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Here is the datasheet

I realize that the converter has to "work harder" to boost a voltage from 2.8V-6V to 48V than it does from 8V-38V to 48V, but I'm curious why there's such a significant drop in the efficiency in the first configuration below 10mA when there isn't a similar drop in the lower configuration. Do boost converters have a certain attribute that doesn't allow high efficiency at low currents? Are some boost converters designed to maximize the efficiency at high boost voltages and low currents?

  • \$\begingroup\$ Good question, now I'm curious as well. It could be because the first one operates in discontinuous conduction mode, which IIRC is less efficient. But I may be wrong :) \$\endgroup\$
    – anrieff
    Commented Feb 20, 2020 at 8:01
  • \$\begingroup\$ @anrieff I as looking at that (DCM vs CM) as well but could not find a reason why the IC would not change modes so in both cases it should use DCM or CM whatever is better. So the difference must be in the inductor values, see my answer below. \$\endgroup\$ Commented Feb 20, 2020 at 8:37

3 Answers 3


I'm going to call the lower input voltage range but less efficiency circuit, circuit A.

I'm going to call the more efficient configuration, circuit B.

Note that both circuits are actually the same, only some component values are different:

  • The inductor L1: 0.33 uH (circuit A) vs 6.8 uH (circuit B)
  • The RC network connected to the Vc pin

These two changes are relates, the RC network on the Vc pin influences the voltage regulation feedback loop. The inductor is also part in this loop so if its value is changed then the RC network could require a change as well.

But the main difference is in the inductor L1.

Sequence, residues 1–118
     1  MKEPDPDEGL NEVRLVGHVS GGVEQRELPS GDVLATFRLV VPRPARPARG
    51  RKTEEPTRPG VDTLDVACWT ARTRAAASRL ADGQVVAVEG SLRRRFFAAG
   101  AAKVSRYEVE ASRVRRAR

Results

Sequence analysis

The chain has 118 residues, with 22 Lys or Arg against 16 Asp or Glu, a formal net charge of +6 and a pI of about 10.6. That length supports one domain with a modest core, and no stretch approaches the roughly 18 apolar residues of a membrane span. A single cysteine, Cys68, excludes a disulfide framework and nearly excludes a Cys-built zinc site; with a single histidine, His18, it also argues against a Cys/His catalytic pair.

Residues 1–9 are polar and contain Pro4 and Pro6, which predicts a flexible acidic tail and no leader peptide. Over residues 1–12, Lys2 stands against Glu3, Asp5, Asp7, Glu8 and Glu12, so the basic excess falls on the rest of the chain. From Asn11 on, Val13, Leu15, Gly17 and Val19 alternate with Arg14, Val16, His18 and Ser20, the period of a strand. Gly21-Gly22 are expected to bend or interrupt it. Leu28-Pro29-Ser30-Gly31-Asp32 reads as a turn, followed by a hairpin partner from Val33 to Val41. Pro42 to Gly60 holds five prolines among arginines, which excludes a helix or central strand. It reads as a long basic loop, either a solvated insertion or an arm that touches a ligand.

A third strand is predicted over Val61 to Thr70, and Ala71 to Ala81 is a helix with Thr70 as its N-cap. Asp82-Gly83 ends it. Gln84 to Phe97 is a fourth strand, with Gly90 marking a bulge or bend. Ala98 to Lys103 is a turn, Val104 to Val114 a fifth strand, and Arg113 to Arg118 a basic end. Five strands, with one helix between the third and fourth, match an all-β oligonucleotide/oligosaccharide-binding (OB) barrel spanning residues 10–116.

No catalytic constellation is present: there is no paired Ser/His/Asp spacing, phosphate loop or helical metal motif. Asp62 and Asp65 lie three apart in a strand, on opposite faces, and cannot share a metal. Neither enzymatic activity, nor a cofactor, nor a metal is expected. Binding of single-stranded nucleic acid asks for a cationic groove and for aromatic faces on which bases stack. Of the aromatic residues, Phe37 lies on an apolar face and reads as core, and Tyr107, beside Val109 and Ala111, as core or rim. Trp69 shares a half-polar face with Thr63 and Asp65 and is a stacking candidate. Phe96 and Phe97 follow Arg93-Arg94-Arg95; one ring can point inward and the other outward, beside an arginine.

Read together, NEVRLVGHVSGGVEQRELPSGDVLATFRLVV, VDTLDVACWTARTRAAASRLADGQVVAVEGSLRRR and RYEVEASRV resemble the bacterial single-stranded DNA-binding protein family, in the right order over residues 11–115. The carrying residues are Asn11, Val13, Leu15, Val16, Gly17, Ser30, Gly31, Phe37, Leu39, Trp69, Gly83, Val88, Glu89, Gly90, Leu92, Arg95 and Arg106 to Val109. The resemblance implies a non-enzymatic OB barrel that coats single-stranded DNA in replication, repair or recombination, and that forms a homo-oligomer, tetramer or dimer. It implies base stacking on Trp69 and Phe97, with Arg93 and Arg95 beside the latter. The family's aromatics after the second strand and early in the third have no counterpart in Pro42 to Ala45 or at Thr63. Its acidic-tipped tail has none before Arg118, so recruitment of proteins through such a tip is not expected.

This type of DCDC converter works by charging an inductor (magnetic flux is stored), by connecting a voltage across it (the input voltage). During charging the current will ramp up (linearly). This ramp will be more steep (faster current increase) when the inductor has a smaller value (circuit A).

Inside the IC there's a switching transistor (NMOS M1, page 8 of the datasheet) and this NMOS will have a certain on resistance (\$R_{DS,on}\$). As the current through this switch is higher, more voltage is dropped and more power is lost. So high value charging currents cause inefficiency. There's also the current sense resistor making things worse.

So from this we can conclude that a large charging current will decrease the efficiency. So which circuit will have the higher charging current? Then we have to look at the value of the inductor which is the smallest in circuit A. At the same input voltage circuit A should be the least efficient then.

So why not simply increase the value of the inductor and enjoy a better efficiency?

Yes, that is an option however, as always that has other consequences. Suppose that the input voltage is low but at the same time the demanded load current at the output is significant. Then enough power must be transferred from input to output.

To be able to draw enough power from the input a small value inductor is needed. If a larger value inductor was used the current will ramp up more slowly and less energy is stored in a given amount of time.

So yes you can use a larger value inductor and get better efficiency but then the maximum output current will be smaller. Note how the Efficiency plot for circuit A has an X-axis from 0 to 30 mA while the one for circuit B is from 1 mA to 1 A.

The load current for circuit A needs to be quite small, up to 25 mA only. That is a result of the large \$\frac{V_{out}}{V_{in}}\$ ratio. That is always a challenge (resulting in lower effciency) with this type of converter.